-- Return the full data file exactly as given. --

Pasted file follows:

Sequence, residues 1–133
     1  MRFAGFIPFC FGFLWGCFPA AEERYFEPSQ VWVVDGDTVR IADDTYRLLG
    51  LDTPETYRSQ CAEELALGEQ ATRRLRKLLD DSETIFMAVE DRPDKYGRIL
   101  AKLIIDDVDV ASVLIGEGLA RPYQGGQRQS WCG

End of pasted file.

Sequence, residues 1–133
     1  MRFAGFIPFC FGFLWGCFPA AEERYFEPSQ VWVVDGDTVR IADDTYRLLG
    51  LDTPETYRSQ CAEELALGEQ ATRRLRKLLD DSETIFMAVE DRPDKYGRIL
   101  AKLIIDDVDV ASVLIGEGLA RPYQGGQRQS WCG